One of the responses to ever tougher NOx and PM emissions limits has been the introduction of high-pressure fuel injection systems, notably HPCR, in ever lower horsepower engines. The latest generation of small (40hp or more) Yanmar four-cylinder engines are now HPCR. Whereas the pressure in conventional injection systems rarely exceeds 5,000 psi (350 bar), it is not uncommon to see 30,000 psi (2,000 bar) on HPCR engines, with some as high as 40,000 psi (2,700 bar). Predictions are that pressures may go as high as a staggering 60,000 psi (4,000 bar). These kinds of pressures require orifice sizes, clearances and machining tolerances to within 1-3 microns, where a micron is a millionth of a meter. To put this in perspective, a human hair is around 80 microns thick; the human eye can detect objects down to about 40 microns.
Fluids at these pressures are capable of acting like water jet cutters, especially if there is even microscopic hard particle contamination in the fuel. The result is scoring and abrading of critical injection pump and injector components. For conventional (low pressure) fuel injection systems the critical particle size to initiate abrasive wear is about 6-7 microns. With HPCR injection, the critical particle size is approximately 2-3 microns. Absolute fuel cleanliness is essential to engine life.
As long ago as 1998, engine manufacturers developed the Worldwide Fuel Charter (WWFC) to define minimum diesel fuel cleanliness levels based on a European standard, ISO 4406. But even if fuel supplies from a refinery meet the ISO standard, typical contamination levels in fuel tanks and at primary filters have been found to be ten times higher than the ISO target. In point of fact, HPCR engines require a fuel cleanliness at the injection pump and injectors that is up to one hundred times lower than the ISO target and one thousand times lower than common tank contamination levels in the real world. This represents a major challenge for the fuel filtration industry.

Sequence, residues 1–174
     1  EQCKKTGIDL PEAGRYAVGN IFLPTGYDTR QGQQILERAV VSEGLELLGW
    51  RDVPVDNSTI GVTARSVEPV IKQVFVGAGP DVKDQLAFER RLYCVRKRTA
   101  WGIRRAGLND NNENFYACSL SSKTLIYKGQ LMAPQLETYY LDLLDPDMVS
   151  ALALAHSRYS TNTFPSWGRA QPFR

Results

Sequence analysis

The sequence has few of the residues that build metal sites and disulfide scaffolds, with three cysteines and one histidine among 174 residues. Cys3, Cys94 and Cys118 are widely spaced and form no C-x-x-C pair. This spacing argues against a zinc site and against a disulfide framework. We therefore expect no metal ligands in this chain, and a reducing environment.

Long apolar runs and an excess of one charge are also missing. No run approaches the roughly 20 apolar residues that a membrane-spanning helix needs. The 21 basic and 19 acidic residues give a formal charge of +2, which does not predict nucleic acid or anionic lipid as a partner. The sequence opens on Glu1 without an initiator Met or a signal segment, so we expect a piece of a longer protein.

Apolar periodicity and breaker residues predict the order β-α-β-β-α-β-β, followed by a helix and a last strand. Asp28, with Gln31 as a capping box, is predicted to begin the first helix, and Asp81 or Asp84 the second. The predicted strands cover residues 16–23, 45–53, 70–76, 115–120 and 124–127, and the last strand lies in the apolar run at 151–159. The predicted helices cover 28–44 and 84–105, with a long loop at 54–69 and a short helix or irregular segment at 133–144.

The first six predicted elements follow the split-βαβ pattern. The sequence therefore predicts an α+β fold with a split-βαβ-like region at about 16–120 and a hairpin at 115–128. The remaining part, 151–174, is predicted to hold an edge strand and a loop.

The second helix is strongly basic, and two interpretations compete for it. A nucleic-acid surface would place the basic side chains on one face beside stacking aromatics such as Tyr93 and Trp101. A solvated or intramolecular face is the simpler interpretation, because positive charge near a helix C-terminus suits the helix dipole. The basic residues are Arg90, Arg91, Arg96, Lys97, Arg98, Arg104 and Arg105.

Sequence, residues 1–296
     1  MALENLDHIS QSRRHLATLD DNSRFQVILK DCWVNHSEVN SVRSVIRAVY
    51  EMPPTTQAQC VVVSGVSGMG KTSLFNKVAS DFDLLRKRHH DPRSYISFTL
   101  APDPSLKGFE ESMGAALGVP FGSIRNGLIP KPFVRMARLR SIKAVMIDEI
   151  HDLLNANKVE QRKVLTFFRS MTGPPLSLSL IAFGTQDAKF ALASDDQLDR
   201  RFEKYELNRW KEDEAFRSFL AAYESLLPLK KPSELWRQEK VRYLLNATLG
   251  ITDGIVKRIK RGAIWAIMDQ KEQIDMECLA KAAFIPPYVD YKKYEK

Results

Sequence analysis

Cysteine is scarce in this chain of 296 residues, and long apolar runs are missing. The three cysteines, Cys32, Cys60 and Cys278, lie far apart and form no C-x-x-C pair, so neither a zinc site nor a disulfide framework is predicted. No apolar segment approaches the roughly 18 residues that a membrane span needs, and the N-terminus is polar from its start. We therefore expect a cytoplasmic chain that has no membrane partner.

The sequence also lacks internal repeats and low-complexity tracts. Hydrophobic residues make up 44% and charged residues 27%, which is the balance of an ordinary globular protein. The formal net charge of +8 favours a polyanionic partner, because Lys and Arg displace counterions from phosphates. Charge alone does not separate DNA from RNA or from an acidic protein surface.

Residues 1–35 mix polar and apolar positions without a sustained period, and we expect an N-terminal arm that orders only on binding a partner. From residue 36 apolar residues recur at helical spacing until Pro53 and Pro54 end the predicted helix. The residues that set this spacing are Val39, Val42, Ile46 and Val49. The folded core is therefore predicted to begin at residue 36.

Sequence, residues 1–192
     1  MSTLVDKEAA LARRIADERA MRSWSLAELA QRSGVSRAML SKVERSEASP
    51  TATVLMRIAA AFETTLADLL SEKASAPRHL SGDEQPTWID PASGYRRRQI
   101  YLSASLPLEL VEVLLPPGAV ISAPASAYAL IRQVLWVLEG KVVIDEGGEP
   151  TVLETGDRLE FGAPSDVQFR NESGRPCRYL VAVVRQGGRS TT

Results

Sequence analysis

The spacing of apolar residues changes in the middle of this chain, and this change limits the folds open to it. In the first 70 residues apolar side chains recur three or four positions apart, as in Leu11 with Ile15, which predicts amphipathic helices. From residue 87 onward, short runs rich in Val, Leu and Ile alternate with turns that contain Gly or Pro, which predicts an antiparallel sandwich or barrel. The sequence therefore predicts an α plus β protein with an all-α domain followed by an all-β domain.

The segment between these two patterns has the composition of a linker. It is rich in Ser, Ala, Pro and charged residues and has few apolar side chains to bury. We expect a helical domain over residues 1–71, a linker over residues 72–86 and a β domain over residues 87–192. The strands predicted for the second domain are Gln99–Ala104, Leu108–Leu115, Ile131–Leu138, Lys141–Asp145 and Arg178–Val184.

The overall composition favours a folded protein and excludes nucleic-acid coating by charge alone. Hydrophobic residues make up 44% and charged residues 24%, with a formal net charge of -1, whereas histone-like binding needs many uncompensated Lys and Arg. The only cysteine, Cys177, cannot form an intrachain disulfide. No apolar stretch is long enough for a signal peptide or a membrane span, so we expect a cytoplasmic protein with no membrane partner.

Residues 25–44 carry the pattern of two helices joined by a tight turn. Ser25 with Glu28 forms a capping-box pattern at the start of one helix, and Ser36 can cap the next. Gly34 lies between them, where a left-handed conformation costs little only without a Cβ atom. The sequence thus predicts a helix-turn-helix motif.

Traditional fuel filter elements are not adequate for HPCR systems. What is more, the filtration industry does not currently have particle counters (or laboratory test dust) suitable for calibrating instruments below 4 microns – in other words, the smallest particle detection and counting level is above the size of the most damaging particles for HPCR systems! Discussions are under way to, among other things, revise international standards to account for particles down to 1.5 microns in diameter.
The ISO test procedure for filters is a multi-pass test, in which the fuel is recirculated through the filter over and over. This is more appropriate for hydraulic systems than it is for diesel fuel supplies and engines. It uses hydraulic oil, which is far more viscous than diesel fuel. Also, the test does not account for vibration and sudden changes in engine speed, both of which have been found to cause rapid and considerable increases in the number of contaminants of a given size passing through a fuel filter.
Water in the fuel
Problems are compounded by the surfactancy of the additives to ULSD, and by biodiesel’s natural surfactancy. One of the main purposes of most primary fuel filters is to remove any water from the fuel supply. Unfortunately, the increased surfactancy of ULSD and biodiesel reduces water droplets to a size at which a high percentage of the droplets can pass through conventional separation media.
The bottom line: diesel fuel that meets current supply chain and WWFC standards, fed through filters that pass the relevant tests, can threaten the health of modern fuel injection systems. To meet fuel cleanliness targets with HPCR engines, multiple-stage filtration at the two-micron level may be needed.
The situation is likely to improve over time. Upcoming changes in emissions and engine efficiency standards, in particular the forthcoming Euro 7 requirements for automotive diesels, will lead diesel engine manufacturers to demand higher-efficiency filters that will then find their way into marine and aftermarket filtration systems.
Nevertheless, it will take some time for the effects of changing emissions and fuel filtration standards, and engine manufacturers’ requirements, to have a practical impact in the marine filter marketplace. In the interval, anyone with a high-pressure injection system should be somewhat paranoid about the quality of fuel supplies and the level of filtration being provided for the engine.